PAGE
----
“Unexpected blocks” is an umbrella term for false positives, misunderstood indicators, and blocked malicious traffic on a site you weren’t expecting to be blocked. While many use the terms “false positive” and “unexpected block” interchangeably, false positives are only one kind of unexpected block, and thus the connection shouldn’t be allowed to automatically pass through.
An example of an unexpected block
Here’s a scenario you can probably relate to. You’re at your desk and get a message from a friend with the name of the restaurant you’re meeting at after work. Since you have a few minutes before your next meeting, you quickly go to the restaurant’s website to check out the menu to see what culinary delights lie ahead. (Our recommendation is almost always to go with a dish that involves a lot of cheese, for what it’s worth.) You click to go to the restaurant’s website, but suddenly your food daydreaming comes to a halt as you find the website blocked by your security tools.
Annoyed? Of course you are. This is annoying for everyone. But it’s in that annoyance we (and we do mean all of us) can easily confuse the idea of “false positives” with “unexpected blocks.”
The difference between unexpected blocks and false positives
Let’s pick back up with our restaurant website example. The restaurant website is blocked, and you think to yourself, “This is just a local neighborhood restaurant around the corner from my house! There’s no way it’s actually dangerous. This security is overactive and this has to be a false positive on a safe website.”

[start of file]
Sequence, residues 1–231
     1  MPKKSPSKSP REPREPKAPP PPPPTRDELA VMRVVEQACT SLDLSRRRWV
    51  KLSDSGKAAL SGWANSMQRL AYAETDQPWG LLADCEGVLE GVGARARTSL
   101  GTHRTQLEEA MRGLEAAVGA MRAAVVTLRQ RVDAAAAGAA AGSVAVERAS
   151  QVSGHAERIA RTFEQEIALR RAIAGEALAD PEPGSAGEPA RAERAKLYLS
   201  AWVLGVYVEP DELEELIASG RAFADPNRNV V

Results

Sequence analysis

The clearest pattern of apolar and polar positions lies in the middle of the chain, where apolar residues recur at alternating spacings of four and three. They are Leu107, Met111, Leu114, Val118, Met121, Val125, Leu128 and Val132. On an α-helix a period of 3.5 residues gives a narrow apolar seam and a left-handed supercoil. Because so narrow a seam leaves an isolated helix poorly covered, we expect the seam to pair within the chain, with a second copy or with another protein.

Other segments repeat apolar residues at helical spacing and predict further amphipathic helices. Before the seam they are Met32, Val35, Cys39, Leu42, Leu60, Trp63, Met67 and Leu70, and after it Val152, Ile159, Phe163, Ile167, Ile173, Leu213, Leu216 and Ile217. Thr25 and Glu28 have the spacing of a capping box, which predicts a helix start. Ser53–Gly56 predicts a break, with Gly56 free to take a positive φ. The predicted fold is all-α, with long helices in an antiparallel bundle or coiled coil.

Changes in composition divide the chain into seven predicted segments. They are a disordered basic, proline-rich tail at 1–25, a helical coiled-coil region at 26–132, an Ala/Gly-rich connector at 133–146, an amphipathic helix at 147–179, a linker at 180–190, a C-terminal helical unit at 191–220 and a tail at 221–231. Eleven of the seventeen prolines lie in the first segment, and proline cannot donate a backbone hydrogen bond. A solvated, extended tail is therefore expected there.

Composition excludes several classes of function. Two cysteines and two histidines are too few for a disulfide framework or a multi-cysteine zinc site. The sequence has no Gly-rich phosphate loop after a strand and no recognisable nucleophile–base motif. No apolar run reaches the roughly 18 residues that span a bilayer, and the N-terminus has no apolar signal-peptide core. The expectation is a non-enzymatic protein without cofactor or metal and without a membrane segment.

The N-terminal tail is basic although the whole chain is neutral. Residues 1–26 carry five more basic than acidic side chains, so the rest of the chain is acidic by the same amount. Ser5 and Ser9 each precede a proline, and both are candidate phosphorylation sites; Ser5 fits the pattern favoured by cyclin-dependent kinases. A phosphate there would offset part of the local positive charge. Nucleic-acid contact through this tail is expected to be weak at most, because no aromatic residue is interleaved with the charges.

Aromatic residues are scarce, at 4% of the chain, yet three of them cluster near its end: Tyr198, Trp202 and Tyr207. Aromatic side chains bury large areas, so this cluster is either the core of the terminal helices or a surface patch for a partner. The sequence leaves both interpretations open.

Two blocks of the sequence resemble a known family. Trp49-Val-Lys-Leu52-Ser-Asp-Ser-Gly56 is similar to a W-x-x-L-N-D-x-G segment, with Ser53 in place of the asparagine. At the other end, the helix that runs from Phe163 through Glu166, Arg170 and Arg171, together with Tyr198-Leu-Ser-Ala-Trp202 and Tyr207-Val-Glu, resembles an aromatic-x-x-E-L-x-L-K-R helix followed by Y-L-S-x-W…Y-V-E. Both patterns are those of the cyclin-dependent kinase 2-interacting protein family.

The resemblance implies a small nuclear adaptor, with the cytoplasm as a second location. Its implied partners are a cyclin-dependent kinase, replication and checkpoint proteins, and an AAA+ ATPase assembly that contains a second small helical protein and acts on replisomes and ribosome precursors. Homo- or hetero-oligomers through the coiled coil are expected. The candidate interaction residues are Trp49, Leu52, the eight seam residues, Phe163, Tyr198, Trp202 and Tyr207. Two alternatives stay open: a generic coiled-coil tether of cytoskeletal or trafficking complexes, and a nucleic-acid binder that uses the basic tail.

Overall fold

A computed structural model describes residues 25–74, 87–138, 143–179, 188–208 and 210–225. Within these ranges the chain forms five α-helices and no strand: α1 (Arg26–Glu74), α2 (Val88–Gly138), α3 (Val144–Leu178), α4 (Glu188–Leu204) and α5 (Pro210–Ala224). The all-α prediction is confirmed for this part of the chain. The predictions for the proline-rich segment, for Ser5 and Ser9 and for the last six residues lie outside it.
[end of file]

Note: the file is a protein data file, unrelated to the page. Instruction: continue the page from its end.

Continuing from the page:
Frustratingly, these types of unexpected blocks are not always false positives.
“Unexpected blocks” is an umbrella term for three scenarios:
- Mistakes in cyber intelligence, aka, false positives
- Misunderstood indicators
- Dangerous traffic
Another way to think of this is how every square is a rectangle, but not every rectangle is a square. Every false positive is an unexpected block, but not every unexpected block is a false positive.
Unexpected blocks should not automatically be treated as “safe”
Since one of the options for the cause of an unexpected block could be a compromised site, clearly your first reaction should not be to automatically allow that connection.
Let’s dive into two examples of how an unexpected block could actually be enforcement of malicious traffic: multi-homed servers and CDNs.
Unexpected blocks from multi-homed servers
Threat actors love to attack sites on multi-homed servers, which are responsible for hundreds of websites and/or software subsystems. When they successfully get into a site, they can then use privilege escalations to get ‘root’ access to that server, which then allows them to compromise every website on it.
Threat intelligence providers often categorize a multi-homed IP as malicious with very high confidence levels. Often these intelligence providers are so sure they give their score with 100% confidence that the traffic is malicious on these.
If you’re still wondering about our ill-fated menu perusing from earlier, this example of an unexpected block could very well be what happened to that local restaurant’s website. If that restaurant’s website is hosted by a multi-homed IP, it’s very possible that the traffic to and from that IP is malicious due to a compromise on another site hosted on that multi-homed server. And while that blocking of your local restaurant’s website was absolutely unexpected in this scenario, it shouldn’t be categorized as a “safe” or, even, a “false positive.”